Surfer’s Ear: Say What?

Words by Mat Arney, images by Dr. Phil Flanagan, Mat Arney & film by Palo Alto Medical Foundation and Douglas Hetzler, M.D.



surfers sat in line-up waiting for waves on a cold winter's day

Only a select few sporting activities ever earn themselves a dedicated medical condition. The Everyday Joe or Jo can afflict themself with tennis elbow, athlete’s foot and turf toe, whilst those of us who expend our energy in the sea have the prospect of surfer’s ear to be wary of. Is this a case of the “sexy” surfing tag being hung on a medical condition in the same way it’s used to market SUVs and soft drinks, or is it an affliction that surfers are significantly more at risk of developing?

Surfer’s ear, known in the medical profession as auditory exostosis, is an abnormal narrowing of the ear canal due to the growth of boney lumps. An exostosis is a benign outgrowth of bone on the surface of an existing bone (it comes from the Greek ex- ‘out’ and osteon ‘bone’), and in the case of surfer’s ear these bone growths occur on the parts of the skull bones that form the ear canal.

 

illustration showing cross section of a normal ear canal
A normal ear canal.
illustration showing cross section of an ear canal with bony growths (exostosis) of surfer's ear.
An ear canal with the bony growths (exostosis) of surfer’s ear.

The most common cause of auditory exostosis is repeated exposure to cold water and wind over a prolonged period, which is why surfers as a group tend to be affected at a far greater rate than the general population and why the common name for the condition has been attributed to surfing. Sailors, kayakers and divers are all also at high risk of developing the condition, however in reality any situation whereby your ears are repeatedly exposed to cold, wet and windy conditions can lead to bone growths within the ear canal. Given enough time, these growths can completely close off the ear canal (an occlusion, but in the medicinal sense rather than the meteorological sense) and the patient will suffer a significant loss of hearing. It is thought that cold water entering the ears, or the cooling effect of the evaporation of water within the ear by the wind (demonstrated by instances of some surfers having more advanced exostosis in one ear over the other due to the prevailing wind direction at their local surf spot), stimulates an increased blood flow leading to increased bone growth, and that this can happen within a window as small as five years of regular surfing in cold water. Despite the fact that a surfer who frequently surfs in cold water environments could develop surfer’s ear so quickly, bone growth is a slow process and therefore most patients who present symptoms advanced enough to require treatment (prompted by noticeable temporary hearing loss or an increased frequency of ear infections) tend to be in their mid thirties or older. Are we therefore sitting on a ticking time bomb of surfer’s ear, thanks to the time required for the condition to develop and the combination in recent decades of continued mass uptake of surfing and improved wetsuit technology opening up new and much colder frontiers to surfers?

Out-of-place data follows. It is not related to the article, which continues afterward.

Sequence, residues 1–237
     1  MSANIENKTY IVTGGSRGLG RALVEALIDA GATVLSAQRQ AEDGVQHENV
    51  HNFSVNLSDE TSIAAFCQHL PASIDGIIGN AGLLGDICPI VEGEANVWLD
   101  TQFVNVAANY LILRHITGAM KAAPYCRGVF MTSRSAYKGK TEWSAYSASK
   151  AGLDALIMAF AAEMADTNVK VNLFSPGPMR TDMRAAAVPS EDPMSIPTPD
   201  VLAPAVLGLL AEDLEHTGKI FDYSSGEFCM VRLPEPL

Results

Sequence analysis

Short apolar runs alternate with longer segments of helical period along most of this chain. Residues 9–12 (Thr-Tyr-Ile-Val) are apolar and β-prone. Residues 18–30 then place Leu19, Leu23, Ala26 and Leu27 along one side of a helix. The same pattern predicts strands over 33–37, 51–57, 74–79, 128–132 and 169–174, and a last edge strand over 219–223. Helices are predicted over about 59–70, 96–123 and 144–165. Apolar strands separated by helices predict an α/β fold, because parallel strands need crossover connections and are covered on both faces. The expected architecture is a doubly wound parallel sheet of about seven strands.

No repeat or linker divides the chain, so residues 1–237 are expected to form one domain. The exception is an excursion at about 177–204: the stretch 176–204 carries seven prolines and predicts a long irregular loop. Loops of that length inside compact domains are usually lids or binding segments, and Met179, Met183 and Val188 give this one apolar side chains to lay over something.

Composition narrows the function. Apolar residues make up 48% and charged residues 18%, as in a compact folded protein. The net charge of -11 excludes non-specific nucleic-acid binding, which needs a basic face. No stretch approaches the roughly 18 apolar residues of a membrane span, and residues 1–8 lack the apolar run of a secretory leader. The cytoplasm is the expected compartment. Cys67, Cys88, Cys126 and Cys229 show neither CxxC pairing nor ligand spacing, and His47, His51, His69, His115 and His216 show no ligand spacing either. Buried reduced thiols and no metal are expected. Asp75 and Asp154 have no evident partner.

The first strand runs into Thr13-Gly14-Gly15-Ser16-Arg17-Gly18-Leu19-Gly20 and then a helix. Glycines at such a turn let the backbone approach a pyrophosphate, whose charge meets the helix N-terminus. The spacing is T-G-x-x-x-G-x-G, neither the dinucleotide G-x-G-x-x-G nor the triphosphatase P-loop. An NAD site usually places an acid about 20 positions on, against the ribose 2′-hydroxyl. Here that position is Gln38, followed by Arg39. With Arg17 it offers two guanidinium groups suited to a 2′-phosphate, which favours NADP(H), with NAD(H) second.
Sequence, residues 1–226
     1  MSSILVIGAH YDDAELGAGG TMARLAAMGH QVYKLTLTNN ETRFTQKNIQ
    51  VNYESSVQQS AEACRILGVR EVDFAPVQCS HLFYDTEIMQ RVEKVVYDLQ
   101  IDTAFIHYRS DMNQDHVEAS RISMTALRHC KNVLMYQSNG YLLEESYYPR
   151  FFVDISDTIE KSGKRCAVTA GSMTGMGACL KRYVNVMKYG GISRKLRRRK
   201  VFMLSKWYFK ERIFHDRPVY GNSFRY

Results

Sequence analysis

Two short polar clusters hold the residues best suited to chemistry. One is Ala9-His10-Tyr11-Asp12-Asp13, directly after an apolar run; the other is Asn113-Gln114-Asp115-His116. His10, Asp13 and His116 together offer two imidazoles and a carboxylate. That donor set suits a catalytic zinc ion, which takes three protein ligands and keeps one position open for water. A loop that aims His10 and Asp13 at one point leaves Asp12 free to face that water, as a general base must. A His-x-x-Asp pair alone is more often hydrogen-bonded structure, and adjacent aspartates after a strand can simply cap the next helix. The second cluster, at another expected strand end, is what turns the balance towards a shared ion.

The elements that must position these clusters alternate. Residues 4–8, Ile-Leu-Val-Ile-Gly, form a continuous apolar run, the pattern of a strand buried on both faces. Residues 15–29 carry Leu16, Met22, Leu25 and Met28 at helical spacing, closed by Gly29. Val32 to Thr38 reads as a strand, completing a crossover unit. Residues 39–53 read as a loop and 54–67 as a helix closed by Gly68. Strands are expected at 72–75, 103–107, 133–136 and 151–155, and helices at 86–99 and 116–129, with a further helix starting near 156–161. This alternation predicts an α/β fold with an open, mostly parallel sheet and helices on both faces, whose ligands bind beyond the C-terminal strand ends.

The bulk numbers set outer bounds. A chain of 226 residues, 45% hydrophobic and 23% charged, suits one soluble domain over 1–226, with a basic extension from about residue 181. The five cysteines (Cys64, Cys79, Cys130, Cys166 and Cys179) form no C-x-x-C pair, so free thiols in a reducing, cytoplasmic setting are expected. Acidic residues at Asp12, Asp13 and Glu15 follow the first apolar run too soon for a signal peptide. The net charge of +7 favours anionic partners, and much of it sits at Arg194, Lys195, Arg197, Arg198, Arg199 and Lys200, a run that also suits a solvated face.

“It’s difficult to predict how quickly the condition develops, but in Cornwall where children grow up with the sea I have treated 15 year old surfers with exostosis related infection. Surgery however has not been required in anyone under 20 years of age.

The condition can be prevented by stopping the repeated ingress of cold water into the ears either with plugs or a hood. Despite this the use of protection has been poor in the UK. Our study of winter surfers’ awareness of exostosis in 2010 revealed that only 60% knew of its preventability, and only 54% used some form of protection. Knowledge of the condition was associated with a greater likelihood of using protection and I would therefore expect this figure to improve as more information is provided for the surfing population.”

Dr. Phil Flanagan – Cornwall, UK

surfer wearing ear plugs

Surfer’s ear is a very real and serious problem for cold water surfers. The California Ear Institute estimates that cold water surfers develop exostosis at a rate 600% higher than surfers from warm water regions, and the surgical procedure to remove the bony growths is not a permanent fix – given time and continued exposure, they can grow back. Like the bony growths themselves, symptoms develop over time and may initially be as minor as your ears taking longer to drain. This can progress to water getting trapped in your ear (with the exostosis compounded by trapped ear wax and debris such as dead skin), which can lead to temporary hearing impairment and then irritation and infection. Surfactant drops can be used to help this water drain and preventative steps can be taken to halt the development of the bony growths, hitting the pause button on your surfer’s ear. Repeated ear infections are however a sign that you could have surfer’s ear, and the only way to find out definitively is to have your ears examined by a Doctor – preferably one based in a coastal location who will have previous experience diagnosing and treating the condition. The problem could be caused by a significant build up of earwax creating a blockage in the ear canal, or it could indeed be surfers ear to some degree. It is perfectly possible to have developed surfers ear without noticing any symptoms whatsoever, until the condition reaches an advanced stage.

“The majority of surfers with exostosis are asymptomatic and only find out that they have them when someone looks in their ear or they develop symptoms. Usually, in my experience, exostosis causes problems that progress to surgery when the ear canal is more than 90% closed.”

Dr. Phil Flanagan – Cornwall, UK